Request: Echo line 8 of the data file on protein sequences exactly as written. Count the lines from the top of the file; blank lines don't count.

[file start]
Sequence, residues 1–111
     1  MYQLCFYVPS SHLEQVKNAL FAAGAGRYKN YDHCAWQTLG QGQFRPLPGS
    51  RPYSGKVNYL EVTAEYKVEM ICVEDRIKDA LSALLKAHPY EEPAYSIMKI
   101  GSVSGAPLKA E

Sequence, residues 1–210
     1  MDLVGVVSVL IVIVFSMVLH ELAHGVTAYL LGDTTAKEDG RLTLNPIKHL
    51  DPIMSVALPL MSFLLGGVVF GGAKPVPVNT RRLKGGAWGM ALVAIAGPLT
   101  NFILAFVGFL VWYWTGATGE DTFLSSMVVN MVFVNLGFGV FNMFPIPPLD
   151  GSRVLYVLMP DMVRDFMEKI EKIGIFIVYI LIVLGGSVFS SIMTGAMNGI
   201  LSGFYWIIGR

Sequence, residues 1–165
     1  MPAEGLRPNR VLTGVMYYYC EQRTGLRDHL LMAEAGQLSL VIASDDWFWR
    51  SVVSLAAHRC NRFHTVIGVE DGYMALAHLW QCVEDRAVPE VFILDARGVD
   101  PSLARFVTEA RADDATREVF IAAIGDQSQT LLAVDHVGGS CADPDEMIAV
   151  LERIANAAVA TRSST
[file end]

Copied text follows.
   101  NFILAFVGFL VWYWTGATGE DTFLSSMVVN MVFVNLGFGV FNMFPIPPLD